Rotel RCD-06 SE CD Player Review 
Home Theater Audio Sources CD Players
Written by Todd Whitesel   
Thursday, 29 October 2009

The bug struck me late 2003. I was at a bookstore looking through magazines when a cover lured me in with its display of speakers and amps and CD players – the components of the year as judged by that audio publication. Thumbing through it, I was astonished by the number of manufacturers represented that I had never heard of. My jaw also dropped looking at the price tags of much of the featured equipment. Certainly it would be sweet to have 50K (or more) to drop on a system but my budget was more modest. I bought the mag, took it home and studied it for probably two months, getting familiar with the various players in the audiophile world. I remember among the editors' budget recommendations was a CD player from Rotel – the RCD-1072 – that was praised for offering a real taste of the high end. I wasn't sure what that even meant, but I liked the 1072's silver chassis and overall design and filed the model and maker in my memory for future exploration.

For nearly 50 years, Rotel has carved out a niche in high-end audio by giving budget-minded audiophiles great-sounding gear. That includes standalone CD players, even here in 2009. Some consumers may still believe that all CD players sound alike. Others may assert that CD players are no longer relevant, what with the plethora of DVD players and universal players on the market – many at bargain basement prices. And most DVD players perform adequately for CD playback, but most audiophiles aren't buying all that and still demand dedicated components to fuel their music jones. Entry-level audio enthusiasts take note: Rotel's RCD-06 SE was designed for you.

Rotel Front Display

The RCD-06 SE is the successor to Rotel's RCD-06 – a well-regarded single-disc player. Like the RCD-06, the SE is also a single-disc player that reads CDs, CD-Rs and CD-RWs. The RCD-06 SE sports a new Wolfson WM8740 DAC, replacing the Burr Brown unit found in the RCD-06. The WM8740 is also being used in several other Rotel products and was chosen by Robert Burn, Rotel's U.K. technical director, for its ability to reveal the emotion in the music. Rotel has also improved the circuitry and internal components, with upgraded filter and buffer stages, low-noise resistor feeds to the DAC, and selected input and output coupling capacitors.

Although the look is still Rotel industrial, the RCD-06 SE is housed in a sleek silver body, minus the black handles found on earlier Rotel models. The CD drawer is front and center, to the right of the unit's lighted display. Its faceplate features a power button on the left and six push buttons on the right, beneath the display, for all standard commands. Set up is a breeze. The RCD-06 SE sports analog RCA stereo and digital coaxial connections. A detachable power cord makes it easy to pop in another cord of your choice.

The supplied remote control has everything needed for quick action, and though it's housed in the plastic-du-jour, Rotel has color-coded commands and track numbers to make it a bit easier for thumbs and fingers to find the desired buttons.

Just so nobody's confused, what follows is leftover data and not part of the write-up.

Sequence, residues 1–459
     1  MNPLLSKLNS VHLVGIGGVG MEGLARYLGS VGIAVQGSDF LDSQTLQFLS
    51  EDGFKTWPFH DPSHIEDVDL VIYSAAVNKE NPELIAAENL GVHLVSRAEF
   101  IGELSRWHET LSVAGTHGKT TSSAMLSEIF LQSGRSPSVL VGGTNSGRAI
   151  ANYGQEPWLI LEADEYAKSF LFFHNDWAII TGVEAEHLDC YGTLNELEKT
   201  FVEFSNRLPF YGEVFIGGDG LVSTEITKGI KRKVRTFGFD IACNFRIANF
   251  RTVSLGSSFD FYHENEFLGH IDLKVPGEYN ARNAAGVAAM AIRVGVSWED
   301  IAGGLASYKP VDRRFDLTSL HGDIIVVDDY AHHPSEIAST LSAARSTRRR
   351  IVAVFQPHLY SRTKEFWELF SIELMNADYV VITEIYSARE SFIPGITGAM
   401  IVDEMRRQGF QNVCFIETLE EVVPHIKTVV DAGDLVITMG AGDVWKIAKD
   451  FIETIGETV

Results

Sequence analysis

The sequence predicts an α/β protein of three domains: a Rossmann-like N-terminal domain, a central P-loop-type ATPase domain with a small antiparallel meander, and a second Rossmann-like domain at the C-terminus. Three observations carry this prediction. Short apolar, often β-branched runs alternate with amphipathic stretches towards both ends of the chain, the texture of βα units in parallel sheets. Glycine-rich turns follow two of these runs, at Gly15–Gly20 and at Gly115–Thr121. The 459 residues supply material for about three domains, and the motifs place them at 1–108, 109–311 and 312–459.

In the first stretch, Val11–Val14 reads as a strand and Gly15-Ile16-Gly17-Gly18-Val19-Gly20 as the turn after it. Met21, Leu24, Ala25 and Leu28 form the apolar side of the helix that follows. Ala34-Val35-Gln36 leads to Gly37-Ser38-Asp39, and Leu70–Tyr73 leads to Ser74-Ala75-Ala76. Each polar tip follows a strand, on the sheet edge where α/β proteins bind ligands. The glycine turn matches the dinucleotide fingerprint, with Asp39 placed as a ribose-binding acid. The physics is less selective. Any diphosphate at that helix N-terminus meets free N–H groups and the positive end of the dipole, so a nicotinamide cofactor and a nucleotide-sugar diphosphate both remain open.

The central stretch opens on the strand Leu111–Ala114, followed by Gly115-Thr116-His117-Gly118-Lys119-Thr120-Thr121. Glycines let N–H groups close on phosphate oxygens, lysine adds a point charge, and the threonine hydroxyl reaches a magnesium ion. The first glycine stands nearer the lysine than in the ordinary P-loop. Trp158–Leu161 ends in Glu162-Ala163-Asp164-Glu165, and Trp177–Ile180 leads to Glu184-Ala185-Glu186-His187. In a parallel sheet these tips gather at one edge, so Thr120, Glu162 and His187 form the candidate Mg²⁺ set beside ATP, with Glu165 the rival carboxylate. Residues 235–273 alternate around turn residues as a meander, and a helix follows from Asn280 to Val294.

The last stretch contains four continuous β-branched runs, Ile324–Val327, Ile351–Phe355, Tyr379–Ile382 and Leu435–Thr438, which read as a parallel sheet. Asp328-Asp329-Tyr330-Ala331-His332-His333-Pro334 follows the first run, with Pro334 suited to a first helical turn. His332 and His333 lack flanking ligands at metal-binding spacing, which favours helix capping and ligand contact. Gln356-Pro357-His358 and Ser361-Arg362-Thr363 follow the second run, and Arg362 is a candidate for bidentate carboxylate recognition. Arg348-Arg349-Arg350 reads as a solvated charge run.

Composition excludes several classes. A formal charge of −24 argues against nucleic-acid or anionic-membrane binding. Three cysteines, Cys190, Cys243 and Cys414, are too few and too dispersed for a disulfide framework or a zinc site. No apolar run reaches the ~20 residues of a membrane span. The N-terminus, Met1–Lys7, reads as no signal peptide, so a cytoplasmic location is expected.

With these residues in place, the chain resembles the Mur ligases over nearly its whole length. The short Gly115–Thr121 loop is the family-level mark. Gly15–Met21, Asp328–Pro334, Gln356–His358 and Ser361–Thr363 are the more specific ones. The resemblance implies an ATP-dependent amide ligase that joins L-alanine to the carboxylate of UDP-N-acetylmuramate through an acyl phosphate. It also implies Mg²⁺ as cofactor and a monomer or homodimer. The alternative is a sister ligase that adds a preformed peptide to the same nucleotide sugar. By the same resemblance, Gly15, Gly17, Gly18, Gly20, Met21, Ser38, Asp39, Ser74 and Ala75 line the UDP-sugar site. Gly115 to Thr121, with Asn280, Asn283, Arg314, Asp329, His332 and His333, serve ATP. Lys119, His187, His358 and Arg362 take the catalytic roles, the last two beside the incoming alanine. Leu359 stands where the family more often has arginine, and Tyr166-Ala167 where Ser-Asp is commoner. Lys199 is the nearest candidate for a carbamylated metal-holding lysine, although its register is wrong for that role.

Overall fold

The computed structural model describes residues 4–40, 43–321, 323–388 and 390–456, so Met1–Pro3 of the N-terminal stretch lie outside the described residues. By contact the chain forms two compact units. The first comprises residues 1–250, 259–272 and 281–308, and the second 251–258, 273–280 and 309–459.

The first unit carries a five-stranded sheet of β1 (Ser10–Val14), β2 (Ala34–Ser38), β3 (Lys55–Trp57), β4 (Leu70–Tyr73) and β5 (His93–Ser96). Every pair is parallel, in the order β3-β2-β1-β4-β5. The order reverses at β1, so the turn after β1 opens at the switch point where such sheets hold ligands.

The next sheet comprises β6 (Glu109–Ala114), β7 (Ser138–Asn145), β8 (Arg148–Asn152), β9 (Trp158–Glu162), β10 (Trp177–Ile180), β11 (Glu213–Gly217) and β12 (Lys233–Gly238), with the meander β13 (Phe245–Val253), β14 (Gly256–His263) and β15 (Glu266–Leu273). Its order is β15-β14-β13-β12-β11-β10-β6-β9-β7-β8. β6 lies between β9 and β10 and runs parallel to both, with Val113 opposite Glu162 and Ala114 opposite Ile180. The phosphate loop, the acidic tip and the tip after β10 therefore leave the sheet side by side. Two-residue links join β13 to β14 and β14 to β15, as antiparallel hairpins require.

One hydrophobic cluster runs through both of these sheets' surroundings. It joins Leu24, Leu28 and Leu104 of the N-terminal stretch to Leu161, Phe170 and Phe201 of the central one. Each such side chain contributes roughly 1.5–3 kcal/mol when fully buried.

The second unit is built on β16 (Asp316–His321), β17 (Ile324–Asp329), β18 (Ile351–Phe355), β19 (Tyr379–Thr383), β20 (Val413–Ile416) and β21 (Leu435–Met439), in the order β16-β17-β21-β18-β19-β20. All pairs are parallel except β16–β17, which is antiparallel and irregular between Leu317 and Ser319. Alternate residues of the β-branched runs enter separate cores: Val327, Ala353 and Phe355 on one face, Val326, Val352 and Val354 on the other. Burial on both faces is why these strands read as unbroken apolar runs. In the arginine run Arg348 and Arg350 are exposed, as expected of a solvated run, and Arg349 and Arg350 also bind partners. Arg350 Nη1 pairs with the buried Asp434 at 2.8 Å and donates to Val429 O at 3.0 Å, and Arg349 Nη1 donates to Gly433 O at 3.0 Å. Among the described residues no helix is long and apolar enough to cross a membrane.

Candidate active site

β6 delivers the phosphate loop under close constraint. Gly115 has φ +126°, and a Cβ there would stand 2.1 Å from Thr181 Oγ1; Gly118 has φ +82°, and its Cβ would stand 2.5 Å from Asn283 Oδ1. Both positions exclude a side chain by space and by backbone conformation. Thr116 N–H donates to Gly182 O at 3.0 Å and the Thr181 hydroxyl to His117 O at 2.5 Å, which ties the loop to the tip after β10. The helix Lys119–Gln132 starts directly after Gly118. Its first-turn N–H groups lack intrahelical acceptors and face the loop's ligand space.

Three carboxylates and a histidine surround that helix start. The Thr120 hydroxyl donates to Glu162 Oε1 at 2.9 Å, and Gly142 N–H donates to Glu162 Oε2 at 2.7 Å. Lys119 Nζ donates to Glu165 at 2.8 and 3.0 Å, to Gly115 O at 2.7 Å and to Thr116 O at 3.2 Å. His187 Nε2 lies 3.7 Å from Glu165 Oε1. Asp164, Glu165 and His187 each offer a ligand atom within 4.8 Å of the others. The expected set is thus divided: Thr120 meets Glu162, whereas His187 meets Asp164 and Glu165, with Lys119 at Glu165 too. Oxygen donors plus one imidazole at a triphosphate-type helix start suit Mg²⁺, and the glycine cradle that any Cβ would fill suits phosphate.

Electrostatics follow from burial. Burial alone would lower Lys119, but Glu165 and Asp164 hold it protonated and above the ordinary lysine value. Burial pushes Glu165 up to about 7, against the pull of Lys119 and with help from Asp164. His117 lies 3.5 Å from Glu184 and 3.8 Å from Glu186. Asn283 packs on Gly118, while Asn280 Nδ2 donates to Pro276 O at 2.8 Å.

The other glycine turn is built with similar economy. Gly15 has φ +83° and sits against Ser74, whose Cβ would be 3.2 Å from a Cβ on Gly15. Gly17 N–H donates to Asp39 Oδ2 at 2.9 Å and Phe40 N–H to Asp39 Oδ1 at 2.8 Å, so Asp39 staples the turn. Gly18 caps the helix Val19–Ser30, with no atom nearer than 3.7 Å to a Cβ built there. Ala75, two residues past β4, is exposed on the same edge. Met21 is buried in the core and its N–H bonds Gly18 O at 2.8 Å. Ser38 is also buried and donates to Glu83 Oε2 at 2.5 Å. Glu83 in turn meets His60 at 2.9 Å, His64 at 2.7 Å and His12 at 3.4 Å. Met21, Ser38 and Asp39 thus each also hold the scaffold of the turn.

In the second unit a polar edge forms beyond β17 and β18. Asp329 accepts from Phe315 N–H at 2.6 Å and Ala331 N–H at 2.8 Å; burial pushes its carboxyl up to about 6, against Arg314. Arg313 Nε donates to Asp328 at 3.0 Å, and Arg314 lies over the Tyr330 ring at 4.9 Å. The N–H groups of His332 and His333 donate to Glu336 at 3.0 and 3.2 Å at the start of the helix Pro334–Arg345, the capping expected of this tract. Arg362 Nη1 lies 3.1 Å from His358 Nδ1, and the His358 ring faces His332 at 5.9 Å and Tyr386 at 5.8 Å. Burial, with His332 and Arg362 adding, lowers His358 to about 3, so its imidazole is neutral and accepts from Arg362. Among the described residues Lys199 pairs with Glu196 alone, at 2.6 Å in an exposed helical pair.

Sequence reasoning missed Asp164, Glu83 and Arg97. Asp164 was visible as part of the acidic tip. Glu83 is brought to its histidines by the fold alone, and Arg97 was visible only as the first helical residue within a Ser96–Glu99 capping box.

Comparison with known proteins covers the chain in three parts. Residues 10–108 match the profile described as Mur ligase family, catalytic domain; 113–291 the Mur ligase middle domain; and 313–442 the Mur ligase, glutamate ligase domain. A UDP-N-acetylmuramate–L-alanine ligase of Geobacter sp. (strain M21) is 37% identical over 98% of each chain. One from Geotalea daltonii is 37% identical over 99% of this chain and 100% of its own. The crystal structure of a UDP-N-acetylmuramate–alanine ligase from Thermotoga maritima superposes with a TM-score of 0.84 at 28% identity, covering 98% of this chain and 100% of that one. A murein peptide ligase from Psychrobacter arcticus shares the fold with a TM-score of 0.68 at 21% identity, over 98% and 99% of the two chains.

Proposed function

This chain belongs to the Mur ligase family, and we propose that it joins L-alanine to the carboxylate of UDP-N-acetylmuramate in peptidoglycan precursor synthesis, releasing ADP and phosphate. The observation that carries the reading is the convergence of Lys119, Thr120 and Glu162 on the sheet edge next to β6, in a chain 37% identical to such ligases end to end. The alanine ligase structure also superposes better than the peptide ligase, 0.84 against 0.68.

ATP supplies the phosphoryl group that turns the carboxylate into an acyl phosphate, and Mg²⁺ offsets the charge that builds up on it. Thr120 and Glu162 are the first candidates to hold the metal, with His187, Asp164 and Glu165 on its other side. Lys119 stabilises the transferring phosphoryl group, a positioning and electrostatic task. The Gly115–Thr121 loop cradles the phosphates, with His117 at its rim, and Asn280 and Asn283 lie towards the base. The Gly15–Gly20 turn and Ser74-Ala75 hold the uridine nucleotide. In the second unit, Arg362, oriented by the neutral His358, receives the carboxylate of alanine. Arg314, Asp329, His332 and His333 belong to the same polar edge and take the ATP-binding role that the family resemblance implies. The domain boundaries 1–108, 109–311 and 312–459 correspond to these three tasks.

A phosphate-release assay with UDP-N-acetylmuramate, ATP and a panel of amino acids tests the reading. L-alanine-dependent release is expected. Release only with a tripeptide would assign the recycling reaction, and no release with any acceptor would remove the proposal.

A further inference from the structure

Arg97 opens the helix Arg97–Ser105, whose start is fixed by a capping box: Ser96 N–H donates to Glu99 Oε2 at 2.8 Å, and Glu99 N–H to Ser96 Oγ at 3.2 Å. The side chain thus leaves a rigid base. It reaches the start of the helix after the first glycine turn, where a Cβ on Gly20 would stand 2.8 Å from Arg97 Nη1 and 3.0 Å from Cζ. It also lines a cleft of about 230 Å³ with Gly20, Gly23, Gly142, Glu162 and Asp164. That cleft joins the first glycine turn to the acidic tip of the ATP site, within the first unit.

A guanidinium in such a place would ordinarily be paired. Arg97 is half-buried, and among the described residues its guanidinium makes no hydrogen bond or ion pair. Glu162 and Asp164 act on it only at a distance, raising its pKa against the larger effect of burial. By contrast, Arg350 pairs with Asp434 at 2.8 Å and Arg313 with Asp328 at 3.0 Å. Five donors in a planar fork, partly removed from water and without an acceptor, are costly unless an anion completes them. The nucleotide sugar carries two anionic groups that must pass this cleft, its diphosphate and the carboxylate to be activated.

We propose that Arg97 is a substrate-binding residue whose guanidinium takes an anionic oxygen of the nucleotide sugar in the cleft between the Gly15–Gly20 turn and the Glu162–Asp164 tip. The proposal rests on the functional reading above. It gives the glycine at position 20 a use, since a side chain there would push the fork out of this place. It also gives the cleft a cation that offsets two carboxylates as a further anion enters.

Rotel Left Side

Smooth and quiet operation are two characteristics desired in any compact disc player, and that's what you get with the RCD-06 SE. The transport is not stone silent, but unless you're 4 inches away from the unit you'll hear nothing but music. The player's response via the remote control was immediate and never took multiple button pushing to make it fly right. Disc information loads in about 2 seconds, with the first track taking off in the same timeframe.


Right away I was struck by the player's clean and detailed sound. Given the right amplification source it's well-rounded and engaging with weighty sound-staging. Paired with my Grant Fidelity A-348 integrated tube amplifier, the RCD-06 SE was clean, punchy and quick. I wondered, though, how it would deliver matched with one of its Rotel siblings.

Nylon and Steel CD The first disc I played was Manuel Barrueco's Nylon & Steel, where the skilled classical guitarist is paired with Al Di Meola, Steve Morse and Andy Summers for a banquet of acoustic guitar duets. Little can be hidden on such a recording, and the 6-six string masters dazzle on this project. Di Meola is a musical force whom Barrueco admits was a challege to keep up with. The album is not only a technical tour de force, it has many moments where the inner definition of Barrueco's fingers plucking the strings is clearly audible. The Rotel brought out such detail and let them be part of the music, rather than something to cover up. Astonishing classical/electric guitar fretplay between Barrueco and Morse on “Wolvesville (an improvisation on Etude No. 1 by Villa-Lobos)” is heightened by Morse's tone and Barrueco's lightning-fast arpeggios. Even as the tune threatens to derail under the energy, the RCD-06 SE kept it under control with speed and focus.